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I'm a chemist and I'm studying abstract algebra on my own so I don't know if this is a trivial question.

If I have for example two number $a$ and $b$ (where $ a,b \in \mathbb{Q} $). How can I prove that $a \times b \in \mathbb{Q} $ ? Of course I'm interested even if the numbers $\in \mathbb{Z}$ or any set. What I would like to know is the demonstration of this assumption, and if is valid for every set ($\mathbb{N,Q,I,R} \ldots)$ and operation.

From what I'm reading seems that this is deduced because multiplication is an operation and so the set is closed under the operation $\times$. But why?

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In general, when we define in mathematics a strucuture $S$ this is (at least) a "couple" $\langle D, * \rangle$ made by a domain "$D$" of "objects" and an operation ("$*$", e.g. a binary one) defined on them, and we write :

$S = \langle D , * \rangle$.

In this case, "by definition" the domain is "closed under" the operation, i.e.

for all $a, b \in D$, we have that $a*b \in D$.

The simplest example is $\langle \mathbb N, + \rangle$.

But after having defined the structure, we can introduce new ("derived") operations, like "$-$" in $\mathbb N$. In this case, it is not true in general that the structure is still closed under the new operation.

If we put :

$a - b$ iff $\exists x (a = b+x)$

we have that, for example, $2 - 3$ is not defined in $\mathbb N$.

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If you use \langle instead of < in the TeX code, it looks better, for example $\langle D,* \rangle$ instead of $< D,* >$. – Jeppe Stig Nielsen Mar 12 '14 at 11:08
@JeppeStigNielsen - tahnk you ! I'll edit it. – Mauro ALLEGRANZA Mar 12 '14 at 11:11

This does hold for your examples $\mathbb Q$ and $\mathbb Z$.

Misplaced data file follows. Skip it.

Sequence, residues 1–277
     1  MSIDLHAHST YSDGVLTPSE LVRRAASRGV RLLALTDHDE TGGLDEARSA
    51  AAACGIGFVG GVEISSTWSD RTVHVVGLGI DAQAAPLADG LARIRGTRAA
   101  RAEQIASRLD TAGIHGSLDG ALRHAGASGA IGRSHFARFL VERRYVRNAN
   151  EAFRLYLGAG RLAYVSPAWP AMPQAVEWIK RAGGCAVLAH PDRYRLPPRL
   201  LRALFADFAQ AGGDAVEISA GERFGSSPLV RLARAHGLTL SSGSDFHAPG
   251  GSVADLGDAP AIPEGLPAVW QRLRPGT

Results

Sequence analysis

If $a,b \in \mathbb Q$, then $a=\frac{p}{q}$ and b = $\frac{r}{s}$ where $p,q,r,s \in \mathbb Z$ and $q,s \ne 0$ Now $a\times b = \frac{pr}{qs}$. And if $pr,qs \in \mathbb Z$, then $ab \in \mathbb Q$. So the first problem reduces to the second, as an exercise, try to prove the second part for yourself.

It doesn't hold for all sets however. Consider set $A=\{3,4\}$. Now $3,4 \in A$, but $3\times4 \not \in A$

Also, this need not hold for all operations either. Consider subtraction. If $a,b \in \mathbb N$, $a-b \in \mathbb N$ need not be true.

Consider division, if $a,b \in \mathbb Z$, $\frac{a}{b} \in \mathbb Z$ need not be true either.

If you consider $\sqrt{x}$ to be an operation, this this isn't valid on $\mathbb Q$ either.

EDIT: Apparently I was mistaken in the definition of an 'operation'. According to one user, the original statement "is valid for every set and operation" is true by definition. See comment thread below.

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$q,s$ and $qs$ should be restricted to be from $\mathbb{Z}\setminus\{0\}$. – ccorn Mar 12 '14 at 10:04
@GitGud that would make the proposition is valid for every set and operation true by definition wouldn't it? – Sabyasachi Mar 12 '14 at 10:21
@GitGud with \ you mean $\mathbb{R}$ without 0 because in $\mathbb{R}$ division is not an operation because is not define for 0. E.g. 4/0 is undefined right? – G M Mar 12 '14 at 10:27
@GitGud That is not how I would define an operation. Also, and I realize that this in no way the final word, it's not how wikipedia defines an operation. – Taemyr Mar 12 '14 at 12:25
@Taemyr That link doesn't even provide a definition, it just useless blah, blah, blah. In any case, here the word operation is used as shorthand for binary operation and you can check the definition on this wikipedia link. Edit: I see now your link does provide a definition and it happens to be in accordance with what I say. It's a generalization of binary operation. – Git Gud Mar 12 '14 at 12:26

The set of rationals is closed under multiplication. You can prove it if you take representation $$a=\frac pq, b=\frac rs \implies a\times b= \frac {pr}{qs}$$, where $p,q,r,s$ are integers. Here we use the fact that $\mathbb{Z}$ is also closed under multiplication and has non zero divisors. However, for example irationals are not closed under multiplication. Note that $\sqrt{3}\sqrt{3}=3$.